This made-from-scratch drop biscuits recipe is so quick and easy you may never buy frozen or canned biscuits again (yes, you will — but not as often).
You see, the little bits of shortening create little pockets of steam inside the biscuits as they bake and it’s that steam escaping which causes the biscuits to rise. We’re avoiding that hassle, though, by using a clever little milk-and-butter trick from Dennis Weaver over at The Prepared Pantry.
Here’s what you’ll need:
- 2 cups all-purpose flour (Gold Medal is what I used)
- 2 teaspoons baking powder (Clover Valley at the moment)
- 1/2 teaspoon baking soda (also Clover Valley at the moment)
- 3/4 tsp. salt (it’s salt)
- 1 cup cold milk (I used Horizon organic fat-free)
- 1/2 cup (1 stick) unsalted butter (I usually use the Kroger brand)
First, preheat your oven to 425 degrees Fahrenheit and dig a cookie sheet out of a cabinet somewhere. I don’t bother using parchment paper or greasing it because I use a well-seasoned (i.e. usually dirty) non-stick cookie sheet that probably causes cancer, but if you’re one of those nutty hardcore bakers who’s into doing extra work feel free to knock yourself out.
In a medium to large bowl, mix together the flour, baking powder, baking soda and salt. You can whisk everything together or just mix it around with a fork or whatever else is clean and handy, whichever option floats your boat. The objective here is you want all the dry ingredients combined into a pretty much homogeneous mixture (like they would be in a prepackaged biscuit mix).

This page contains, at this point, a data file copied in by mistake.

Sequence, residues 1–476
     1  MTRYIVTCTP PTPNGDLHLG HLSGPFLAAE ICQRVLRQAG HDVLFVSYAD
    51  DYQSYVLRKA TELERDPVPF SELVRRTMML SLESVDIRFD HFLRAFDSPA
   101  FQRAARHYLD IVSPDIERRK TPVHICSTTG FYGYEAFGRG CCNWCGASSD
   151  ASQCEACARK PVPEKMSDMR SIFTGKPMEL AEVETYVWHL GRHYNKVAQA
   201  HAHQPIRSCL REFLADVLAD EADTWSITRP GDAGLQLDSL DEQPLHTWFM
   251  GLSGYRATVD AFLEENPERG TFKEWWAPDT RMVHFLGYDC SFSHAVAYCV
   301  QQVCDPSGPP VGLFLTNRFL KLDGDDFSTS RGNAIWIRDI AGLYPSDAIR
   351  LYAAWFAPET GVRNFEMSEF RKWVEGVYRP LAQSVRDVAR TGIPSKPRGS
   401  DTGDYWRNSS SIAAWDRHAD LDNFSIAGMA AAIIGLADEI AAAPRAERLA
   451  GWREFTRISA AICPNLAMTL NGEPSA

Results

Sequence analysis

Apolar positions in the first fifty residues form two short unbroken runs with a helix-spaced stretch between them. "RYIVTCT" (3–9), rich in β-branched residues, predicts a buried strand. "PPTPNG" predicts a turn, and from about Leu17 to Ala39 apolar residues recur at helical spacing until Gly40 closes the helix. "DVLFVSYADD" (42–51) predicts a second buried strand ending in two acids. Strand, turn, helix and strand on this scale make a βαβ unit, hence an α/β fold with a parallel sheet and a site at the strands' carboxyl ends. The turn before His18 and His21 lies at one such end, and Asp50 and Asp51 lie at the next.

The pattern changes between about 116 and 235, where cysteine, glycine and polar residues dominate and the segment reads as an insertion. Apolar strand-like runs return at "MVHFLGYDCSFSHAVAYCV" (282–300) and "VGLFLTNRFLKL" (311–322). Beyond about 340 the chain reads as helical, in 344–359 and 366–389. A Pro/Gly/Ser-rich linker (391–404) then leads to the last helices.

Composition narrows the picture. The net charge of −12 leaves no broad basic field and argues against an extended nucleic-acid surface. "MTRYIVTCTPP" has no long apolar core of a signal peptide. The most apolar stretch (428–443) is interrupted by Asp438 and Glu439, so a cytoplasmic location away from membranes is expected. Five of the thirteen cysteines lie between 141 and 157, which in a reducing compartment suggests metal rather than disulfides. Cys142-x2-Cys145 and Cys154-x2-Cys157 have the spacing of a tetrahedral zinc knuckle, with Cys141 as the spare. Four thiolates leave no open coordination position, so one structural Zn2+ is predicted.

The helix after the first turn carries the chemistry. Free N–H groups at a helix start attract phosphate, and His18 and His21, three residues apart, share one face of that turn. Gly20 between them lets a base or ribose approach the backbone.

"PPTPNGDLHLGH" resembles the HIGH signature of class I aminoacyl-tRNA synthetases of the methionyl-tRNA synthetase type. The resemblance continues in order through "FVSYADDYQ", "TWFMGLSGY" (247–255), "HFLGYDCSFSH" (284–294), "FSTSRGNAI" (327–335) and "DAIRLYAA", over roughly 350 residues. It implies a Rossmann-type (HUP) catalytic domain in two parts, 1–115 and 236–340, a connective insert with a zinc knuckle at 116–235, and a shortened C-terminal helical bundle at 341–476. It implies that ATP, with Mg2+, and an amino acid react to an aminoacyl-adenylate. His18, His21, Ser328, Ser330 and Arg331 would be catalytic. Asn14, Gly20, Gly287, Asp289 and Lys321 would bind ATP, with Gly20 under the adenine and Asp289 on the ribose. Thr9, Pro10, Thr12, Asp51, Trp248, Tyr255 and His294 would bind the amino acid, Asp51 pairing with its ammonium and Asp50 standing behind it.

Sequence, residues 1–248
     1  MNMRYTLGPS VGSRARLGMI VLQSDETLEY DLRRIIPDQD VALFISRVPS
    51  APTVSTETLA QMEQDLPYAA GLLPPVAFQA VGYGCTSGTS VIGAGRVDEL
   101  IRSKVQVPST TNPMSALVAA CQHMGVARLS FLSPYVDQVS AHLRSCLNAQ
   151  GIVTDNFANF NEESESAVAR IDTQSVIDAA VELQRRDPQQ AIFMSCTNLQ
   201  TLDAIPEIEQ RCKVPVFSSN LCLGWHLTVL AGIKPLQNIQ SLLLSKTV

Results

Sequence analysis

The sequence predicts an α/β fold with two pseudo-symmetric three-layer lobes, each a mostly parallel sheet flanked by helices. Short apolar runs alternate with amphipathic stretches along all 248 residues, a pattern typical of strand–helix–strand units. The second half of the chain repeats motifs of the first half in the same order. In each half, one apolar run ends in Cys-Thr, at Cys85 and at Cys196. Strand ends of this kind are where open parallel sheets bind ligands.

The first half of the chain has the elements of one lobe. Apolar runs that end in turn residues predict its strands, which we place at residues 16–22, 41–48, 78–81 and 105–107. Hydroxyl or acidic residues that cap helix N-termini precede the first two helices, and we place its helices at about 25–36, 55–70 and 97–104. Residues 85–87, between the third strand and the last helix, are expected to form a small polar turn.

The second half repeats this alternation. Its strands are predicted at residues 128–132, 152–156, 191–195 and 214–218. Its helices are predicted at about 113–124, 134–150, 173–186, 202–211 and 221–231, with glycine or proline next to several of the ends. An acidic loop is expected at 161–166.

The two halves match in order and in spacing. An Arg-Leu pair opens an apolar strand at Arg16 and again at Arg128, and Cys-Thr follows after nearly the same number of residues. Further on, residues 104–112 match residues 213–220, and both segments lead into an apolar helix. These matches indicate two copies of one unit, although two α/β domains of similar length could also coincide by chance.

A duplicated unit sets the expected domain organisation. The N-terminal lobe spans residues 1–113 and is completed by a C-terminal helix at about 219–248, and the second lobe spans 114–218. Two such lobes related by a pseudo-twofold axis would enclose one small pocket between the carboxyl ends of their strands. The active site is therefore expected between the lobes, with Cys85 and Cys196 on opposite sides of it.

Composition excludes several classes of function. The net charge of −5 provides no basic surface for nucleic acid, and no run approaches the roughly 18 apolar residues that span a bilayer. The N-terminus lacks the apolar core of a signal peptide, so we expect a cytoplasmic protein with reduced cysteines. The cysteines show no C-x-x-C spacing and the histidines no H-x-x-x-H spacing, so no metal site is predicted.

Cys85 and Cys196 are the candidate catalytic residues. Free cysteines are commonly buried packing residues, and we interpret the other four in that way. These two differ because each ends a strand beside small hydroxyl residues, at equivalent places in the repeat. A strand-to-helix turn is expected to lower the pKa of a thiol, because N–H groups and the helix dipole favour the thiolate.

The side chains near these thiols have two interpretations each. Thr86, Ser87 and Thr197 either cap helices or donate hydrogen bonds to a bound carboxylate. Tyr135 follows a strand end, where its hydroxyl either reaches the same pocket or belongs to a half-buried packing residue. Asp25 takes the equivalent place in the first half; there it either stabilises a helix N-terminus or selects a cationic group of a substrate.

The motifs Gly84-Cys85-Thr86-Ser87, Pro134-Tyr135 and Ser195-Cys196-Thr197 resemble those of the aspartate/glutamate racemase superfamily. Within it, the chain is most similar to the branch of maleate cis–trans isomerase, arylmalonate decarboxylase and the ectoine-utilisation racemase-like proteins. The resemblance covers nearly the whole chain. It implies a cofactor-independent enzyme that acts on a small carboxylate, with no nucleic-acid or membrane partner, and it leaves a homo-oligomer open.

Put the stick of butter (or margarine, if you don’t listen) into a small bowl or glass measuring cup and throw it in the microwave until it’s melted. This takes a minute or so for me because I do it on high (I do everything on high), but your mileage may vary. (Explaining how to use a microwave is beyond the scope of this article; if you need help in that department, try contacting your local community college or just email Martha Stewart.)
Slowly pour the cold milk into the melted butter and stir with a fork until the butter solidifies into little curds and the mixture looks like a nasty curdled mess. If you used margarine, it probably won’t curdle and it’ll just look like a nasty gooey mess.
Make a well in the center of the dry ingredients to hold the funky-looking bovine solution and dump it in there. Stir until it’s well-mixed and the dough seems sufficiently dough-like.
Scoop the batter from the bowl onto a cookie sheet, leaving just enough distance between the biscuits for expansion. The mounds should be about 1 1/2-inchs high.
Bake just until the tops of the biscuits are golden brown, 20-30 minutes. Remove the pan from the oven and temove the biscuits to racks to cool if desired and serve while still hot.